The best tool for carving a roast chicken is a pair of kitchen shears, but you can also use a knife. Either way, start by pulling a thigh-and-leg quarter away from the main section of the bird, then pushing down to reveal the thigh joint. Cut or clip right through the joint. Repeat on the other side.
In the large opening, cut on either side of the spine to remove it from the bird. slice the breast in half lengthwise, then cut each of these halves widthwise in two. of course, remove any meat from the bones for children.
There’s actually a fair amount of “classical” French cookery here: the chicken roasted with a mustard glaze, the potatoes done in a little chicken fat (as it runs off the bird). Serve this rich meal alongside a shredded lettuce and carrot salad with a vinegary dressing.
— Bruce Weinstein and Mark Scarbrough
Excerpted from THE KITCHEN SHORTCUT BIBLE Copyright © 2018 by Bruce Weinstein and Mark Scarbrough. Used with permission of Little, Brown and Company, New York. All rights reserved.
- 3 tablespoons olive oil
- 1 tablespoon smooth Dijon mustard
- 1 teaspoon dried thyme
- 1 teaspoon table salt
- 1/2 teaspoon ground black pepper
- One 3- to 3-1/2 pound whole chicken any giblets and neck removed, the small wing tips removed, and trimmed of excess fat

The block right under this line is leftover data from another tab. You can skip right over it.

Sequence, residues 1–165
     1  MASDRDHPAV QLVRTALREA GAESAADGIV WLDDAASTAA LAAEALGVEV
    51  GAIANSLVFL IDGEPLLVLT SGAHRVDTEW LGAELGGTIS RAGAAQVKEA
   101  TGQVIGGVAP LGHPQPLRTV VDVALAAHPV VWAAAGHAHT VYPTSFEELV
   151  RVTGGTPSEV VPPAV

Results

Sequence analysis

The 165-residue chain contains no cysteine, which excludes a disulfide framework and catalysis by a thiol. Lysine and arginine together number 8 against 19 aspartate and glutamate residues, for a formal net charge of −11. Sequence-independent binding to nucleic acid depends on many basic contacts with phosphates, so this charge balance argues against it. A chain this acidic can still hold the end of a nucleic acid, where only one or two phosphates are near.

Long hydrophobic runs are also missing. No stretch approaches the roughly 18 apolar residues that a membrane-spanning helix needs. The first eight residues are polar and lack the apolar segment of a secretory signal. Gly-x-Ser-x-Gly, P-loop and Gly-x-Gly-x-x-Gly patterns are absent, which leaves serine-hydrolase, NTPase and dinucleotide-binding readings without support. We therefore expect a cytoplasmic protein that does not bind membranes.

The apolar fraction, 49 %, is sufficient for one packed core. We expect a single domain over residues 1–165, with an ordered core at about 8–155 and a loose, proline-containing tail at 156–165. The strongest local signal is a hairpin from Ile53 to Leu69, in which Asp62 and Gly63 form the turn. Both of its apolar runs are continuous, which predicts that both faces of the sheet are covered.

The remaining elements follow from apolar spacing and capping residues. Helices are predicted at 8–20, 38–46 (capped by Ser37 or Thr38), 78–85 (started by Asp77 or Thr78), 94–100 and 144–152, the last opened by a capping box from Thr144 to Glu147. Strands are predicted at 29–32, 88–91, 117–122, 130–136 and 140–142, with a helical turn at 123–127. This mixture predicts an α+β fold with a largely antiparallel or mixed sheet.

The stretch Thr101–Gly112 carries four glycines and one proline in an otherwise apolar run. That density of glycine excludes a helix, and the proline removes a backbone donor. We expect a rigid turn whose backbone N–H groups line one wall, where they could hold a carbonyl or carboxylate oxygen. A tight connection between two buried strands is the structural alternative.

- 8 large whole shallots (preferably long, single-lobed shallots), peeled
- 2 large Yukon Gold potatoes (about 1/2 pound each), cut into 6 wedges each
- Position one oven rack as high as it can go while still accommodating the chicken atop a 10- to 12-cup Bundt pan. Heat the oven to 350°F. Cover the hole at the center of the Bundt pan with aluminum foil.
- Mix 1 tablespoon of the oil, the mustard, thyme, 1/2 teaspoon of the salt, and the pepper in a large bowl until smooth.
- Set the chicken in the Bundt pan, legs down, so that its large opening fits over the center of the pan and the chicken stands up in the pan. Rub the mustard mixture over the exterior of the bird.
- Add the remaining 2 tablespoons oil and 1/2 teaspoon salt to that same large bowl, then add the shallots and potatoes. Toss well to coat.
- Position the shallots and potatoes around the chicken, using the flutes of the pan to stand them up where possible. Set the entire Bundt pan operation on a large lipped baking sheet.
- Roast until the potatoes are tender, the chicken is well browned, and an instant-read meat thermometer inserted into the thickest part of a thigh (without touching bone) registers 165°F, about 2 hours.
- Let sit at room temperature for 10 minutes, then take the chicken off the top of the Bundt pan. Carve and serve with the potatoes and shallots, discarding any juices in the pan.
• For a silkier finish, substitute melted unsalted butter for the olive oil.
• Single-lobed shallots are sometimes called “French shallots.”
Tried this last night. My guests and I loved the flavor— and the method. So easy. Next time I’ll try it with wedges of onion rather than the ridiculously expensive shallots.